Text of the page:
- In the bowl of a stand mixer, add the flour, salt and butter. Using the paddle attachment, mix until the butter blends into the flour. You don’t want large chunks.
- On low speed, add the milk & yeast mixture to the bowl. Once combined, increase the speed (I use #2 or #3 on my Kitchen Aid) until a dough forms, about 5-8 minutes. It will not come together into a ball; the dough will be smooth, elastic, but still wet or sticky resembling thick ‘batter.’ Once fully risen, it will be easier to handle. Scrape down the sides with a rubber spatula.
- Cover the bowl with a damp kitchen towel and allow to rise in a warm spot until it has doubled in size, 1- 3 hours* (see note below). Alternatively, refer to the baking schedules outlined in the post above.
- Cutting, Shaping & Assembly:
- Preheat your oven to 400 F. Generously coat a 9″ cake pan with butter. Set aside.
- Tip your fully risen dough onto a lightly floured work surface. It should feel slightly wet and sticky.
- Using a floured bench scraper (large knife or pizza wheel) cut the dough into 10 pieces.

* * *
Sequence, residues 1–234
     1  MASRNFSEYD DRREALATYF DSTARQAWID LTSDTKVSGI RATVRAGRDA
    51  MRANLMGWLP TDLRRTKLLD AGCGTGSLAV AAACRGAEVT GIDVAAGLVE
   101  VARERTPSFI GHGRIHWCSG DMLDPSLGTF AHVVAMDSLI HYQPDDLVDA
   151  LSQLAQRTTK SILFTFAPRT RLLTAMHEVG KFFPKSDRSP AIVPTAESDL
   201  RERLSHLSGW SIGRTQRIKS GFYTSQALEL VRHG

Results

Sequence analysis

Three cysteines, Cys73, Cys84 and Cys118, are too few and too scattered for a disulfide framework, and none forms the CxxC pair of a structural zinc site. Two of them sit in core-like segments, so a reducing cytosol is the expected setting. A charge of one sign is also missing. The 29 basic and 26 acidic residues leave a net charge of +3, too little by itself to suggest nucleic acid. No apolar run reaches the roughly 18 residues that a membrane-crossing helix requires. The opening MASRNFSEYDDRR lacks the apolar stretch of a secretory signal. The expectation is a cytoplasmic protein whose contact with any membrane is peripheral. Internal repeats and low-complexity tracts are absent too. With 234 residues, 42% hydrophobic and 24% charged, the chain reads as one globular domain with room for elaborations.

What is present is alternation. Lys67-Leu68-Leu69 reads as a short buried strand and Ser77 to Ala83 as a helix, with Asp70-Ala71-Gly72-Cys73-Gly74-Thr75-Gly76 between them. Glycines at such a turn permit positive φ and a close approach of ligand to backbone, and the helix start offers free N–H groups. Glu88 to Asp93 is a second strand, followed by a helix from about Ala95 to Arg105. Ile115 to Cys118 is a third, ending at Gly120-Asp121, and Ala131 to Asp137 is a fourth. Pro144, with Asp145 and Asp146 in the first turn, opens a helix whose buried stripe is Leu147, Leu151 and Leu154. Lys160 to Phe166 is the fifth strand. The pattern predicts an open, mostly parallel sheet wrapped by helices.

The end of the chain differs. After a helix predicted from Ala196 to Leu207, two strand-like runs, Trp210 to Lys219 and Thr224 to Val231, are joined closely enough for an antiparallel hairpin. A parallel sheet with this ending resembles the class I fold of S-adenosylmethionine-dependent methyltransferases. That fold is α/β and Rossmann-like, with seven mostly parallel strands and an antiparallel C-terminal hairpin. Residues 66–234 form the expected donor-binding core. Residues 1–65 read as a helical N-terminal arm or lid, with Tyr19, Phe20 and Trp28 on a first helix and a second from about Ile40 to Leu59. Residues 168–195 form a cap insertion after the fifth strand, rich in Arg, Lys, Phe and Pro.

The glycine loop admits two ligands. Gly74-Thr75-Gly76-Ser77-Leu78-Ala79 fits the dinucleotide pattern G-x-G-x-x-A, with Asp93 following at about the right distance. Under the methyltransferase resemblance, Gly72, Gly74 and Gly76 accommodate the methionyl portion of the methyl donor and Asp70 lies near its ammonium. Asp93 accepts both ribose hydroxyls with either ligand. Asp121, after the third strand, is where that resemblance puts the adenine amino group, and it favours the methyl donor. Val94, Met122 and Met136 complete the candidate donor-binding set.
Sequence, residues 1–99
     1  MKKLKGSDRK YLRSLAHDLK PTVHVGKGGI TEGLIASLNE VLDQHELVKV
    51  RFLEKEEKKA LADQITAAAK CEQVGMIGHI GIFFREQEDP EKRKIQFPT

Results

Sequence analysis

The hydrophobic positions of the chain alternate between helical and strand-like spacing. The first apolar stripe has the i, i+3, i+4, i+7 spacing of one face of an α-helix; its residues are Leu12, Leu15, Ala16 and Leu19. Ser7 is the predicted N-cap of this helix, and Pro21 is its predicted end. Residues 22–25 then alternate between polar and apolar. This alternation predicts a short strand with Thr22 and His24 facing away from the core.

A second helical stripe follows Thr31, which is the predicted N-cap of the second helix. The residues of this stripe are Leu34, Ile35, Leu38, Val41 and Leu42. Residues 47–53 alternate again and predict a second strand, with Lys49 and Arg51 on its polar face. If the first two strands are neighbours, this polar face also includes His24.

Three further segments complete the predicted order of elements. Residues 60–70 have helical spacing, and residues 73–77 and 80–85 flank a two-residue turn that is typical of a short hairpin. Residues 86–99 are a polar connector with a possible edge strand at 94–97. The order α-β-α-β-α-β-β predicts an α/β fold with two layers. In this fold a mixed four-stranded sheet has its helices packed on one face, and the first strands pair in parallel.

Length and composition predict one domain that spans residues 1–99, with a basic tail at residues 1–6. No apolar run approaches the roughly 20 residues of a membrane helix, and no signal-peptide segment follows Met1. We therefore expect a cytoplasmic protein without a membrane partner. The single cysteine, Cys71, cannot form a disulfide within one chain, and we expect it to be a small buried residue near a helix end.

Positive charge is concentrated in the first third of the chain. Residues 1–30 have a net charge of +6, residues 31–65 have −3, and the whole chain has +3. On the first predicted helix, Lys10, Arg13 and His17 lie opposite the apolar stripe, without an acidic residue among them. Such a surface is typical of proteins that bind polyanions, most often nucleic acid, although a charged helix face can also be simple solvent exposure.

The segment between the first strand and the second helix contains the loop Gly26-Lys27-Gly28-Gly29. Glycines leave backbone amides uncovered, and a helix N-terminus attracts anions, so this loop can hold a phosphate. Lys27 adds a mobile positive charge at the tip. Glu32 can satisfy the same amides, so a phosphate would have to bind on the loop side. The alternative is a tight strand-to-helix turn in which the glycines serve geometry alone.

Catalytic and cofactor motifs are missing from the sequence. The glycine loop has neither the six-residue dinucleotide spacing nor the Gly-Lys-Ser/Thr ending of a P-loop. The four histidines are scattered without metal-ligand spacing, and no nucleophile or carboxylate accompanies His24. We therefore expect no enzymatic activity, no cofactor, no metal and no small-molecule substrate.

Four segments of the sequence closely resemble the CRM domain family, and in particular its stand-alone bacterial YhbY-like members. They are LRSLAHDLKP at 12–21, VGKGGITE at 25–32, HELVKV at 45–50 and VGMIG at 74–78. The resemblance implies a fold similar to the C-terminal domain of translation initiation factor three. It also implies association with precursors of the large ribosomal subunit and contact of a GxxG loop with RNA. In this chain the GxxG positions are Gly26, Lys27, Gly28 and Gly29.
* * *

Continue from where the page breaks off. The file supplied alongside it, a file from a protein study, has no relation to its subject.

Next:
- Take two pieces of the dough and cut them in half, creating 4 smaller pieces. These smaller pieces will fill the center of your brioche (think: center of a sunflower). You now have 12 pieces in total.
- To shape into balls, gently flatten each piece of dough. Pull up the sides tucking them in towards the center. Flip the ball over (seam side down) and move to an un-floured part of your work surface (it’s easier to roll this way). Place your palm over the top and gently roll into a smooth ball. If your dough is too sticky, sprinkle with a little bit of flour for easier handling.
- To assemble the brioche, to the coated pan, place 1 ball of dough at 12 o’clock, 3 o’clock, 6 o’clock and 9 o’clock. Fill in the gaps with the remaining dough, placing the 4 smaller balls (you made earlier) in the center. Doing it this way will ensure that the dough is evenly spaced.
- With the remaining egg, beat together with a splash of water. This is your egg wash.
- Brush the dough with your mixture. If you don’t have a pastry brush, use a folded napkin or paper towel instead.
- Loosely cover the pan with a kitchen towel. Rest for about 30 minutes. Your dough should look slightly puffed, relaxed, and no longer dense. Adjust the time here, if necessary.
- To Finish:
- Bake 400 F. for 20-25 minutes or until golden brown.
- Cool in the pan for 10 minutes, then transfer to a wire rack to finish cooling.
- Enjoy warm or at room temperature.
*Giving your dough enough time to rise is crucial in bread baking. Rise times will vary, so be patient. Remember to watch your dough and not the clock! To speed up the process, either place your dough in the oven (proof setting), or near a heater.